U.S.A. Work Ethic Alive and Well

by Lynn McMillen
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The American work ethic has been a source of national pride for more than 200 years. In 2011, America’s workforce worked harder than ever, according to the American Time Use Survey (ATUS).

Produced by the U.S. Bureau of Labor Statistics, the ATUS Report measures the amount of time people spend doing various activities, such as paid work, childcare, volunteering, and socializing. In her blog, Stack says 2011 ATUS data paints a picture of a nation working harder than ever, significantly exceeding the “traditional” 40-hour week, and working nearly as hard on weekends as on weekdays.

The workers among the survey population worked an average of 77 more minutes per week in 2011 than they did in 2010, although Stack points out that does not necessarily mean 77 minutes of productivity were added. At a time when unemployment rates are high, people with jobs tend to put in more work time in order to give the appearance of heightened commitment to their job—a job security strategy Stack says some business owners and managers may be taking advantage of, with debatable results.

“Keep in mind that working longer hours doesn’t guarantee increased workplace productivity,” Stack says. “A fearful employee is a productive employee; no one wants to lose their job in a down economy where it’s not certain you’ll find another one.

“So more employers are, once again, managing to squeeze a little more work out of their employees. It’ll be interesting to see whether this trend continues next year.”

Every year since 2003, the U.S. Bureau of Labor Statistics has compiled this annual survey that details how Americans over the age of 15 use their daily time. The American Time Use Survey (ATUS) offers a valuable glimpse into everything Americans do: the amount of time taken for sleep, rest and relaxation, and the number of hours worked on the average day. The 2011 results, released on June 22, 2012, come from interviews and surveys with 12,500 individuals.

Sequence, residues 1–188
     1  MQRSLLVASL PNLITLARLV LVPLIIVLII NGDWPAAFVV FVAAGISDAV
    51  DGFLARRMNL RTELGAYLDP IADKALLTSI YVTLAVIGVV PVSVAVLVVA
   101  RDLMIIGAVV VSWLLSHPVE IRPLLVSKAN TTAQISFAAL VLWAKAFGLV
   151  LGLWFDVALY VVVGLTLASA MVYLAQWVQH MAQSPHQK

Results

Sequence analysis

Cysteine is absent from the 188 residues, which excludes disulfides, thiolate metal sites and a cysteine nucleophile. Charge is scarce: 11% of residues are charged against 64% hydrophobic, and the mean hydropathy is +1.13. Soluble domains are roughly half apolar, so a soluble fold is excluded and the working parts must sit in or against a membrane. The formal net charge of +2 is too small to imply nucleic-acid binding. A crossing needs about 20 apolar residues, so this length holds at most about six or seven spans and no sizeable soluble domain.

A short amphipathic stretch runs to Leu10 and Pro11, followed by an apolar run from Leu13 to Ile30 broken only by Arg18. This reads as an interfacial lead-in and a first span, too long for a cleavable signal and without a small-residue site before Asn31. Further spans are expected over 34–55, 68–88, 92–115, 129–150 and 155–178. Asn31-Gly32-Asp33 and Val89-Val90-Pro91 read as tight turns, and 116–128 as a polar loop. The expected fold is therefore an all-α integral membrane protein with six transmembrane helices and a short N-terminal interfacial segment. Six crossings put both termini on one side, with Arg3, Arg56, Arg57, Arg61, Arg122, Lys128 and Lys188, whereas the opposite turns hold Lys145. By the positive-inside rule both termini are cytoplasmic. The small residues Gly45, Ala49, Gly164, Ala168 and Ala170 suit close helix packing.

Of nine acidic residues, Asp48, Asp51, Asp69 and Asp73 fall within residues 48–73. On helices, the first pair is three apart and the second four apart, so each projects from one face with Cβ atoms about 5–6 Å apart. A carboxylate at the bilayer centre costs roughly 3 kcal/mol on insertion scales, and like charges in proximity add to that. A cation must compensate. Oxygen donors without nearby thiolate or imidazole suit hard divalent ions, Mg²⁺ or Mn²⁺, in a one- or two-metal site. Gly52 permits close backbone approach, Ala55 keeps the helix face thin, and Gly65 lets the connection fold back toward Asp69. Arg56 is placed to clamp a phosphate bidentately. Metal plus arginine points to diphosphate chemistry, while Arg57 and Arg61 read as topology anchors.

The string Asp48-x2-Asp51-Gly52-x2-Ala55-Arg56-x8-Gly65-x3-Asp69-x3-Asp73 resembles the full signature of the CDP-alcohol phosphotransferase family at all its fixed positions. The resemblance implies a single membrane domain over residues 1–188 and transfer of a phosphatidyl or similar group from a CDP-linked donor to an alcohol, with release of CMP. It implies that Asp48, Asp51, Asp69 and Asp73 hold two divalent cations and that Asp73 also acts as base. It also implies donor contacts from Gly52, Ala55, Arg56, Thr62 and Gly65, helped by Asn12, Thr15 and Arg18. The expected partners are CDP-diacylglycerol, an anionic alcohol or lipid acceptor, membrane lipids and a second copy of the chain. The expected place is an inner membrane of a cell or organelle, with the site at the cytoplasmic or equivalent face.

The mission of the ATUS study is to develop a comprehensive understanding of how Americans use their time. In this latest study, statistics were collected for the first time on how much time Americans have devoted to “eldercare”—i.e., the amount of time spent caring for elderly individuals.

For business purposes, the category associated with work and related activities provides the most revealing data, Stack says, showing an increase in the average number of work hours Americans put in daily, reversing a trend observed the year before.

From a productivity standpoint, the ATUS study can be an important barometer on the qualities of American workforce habits during economic crunch times, and a way to measure actual productivity levels when people are working longer hours and taking less time for leisure activities.

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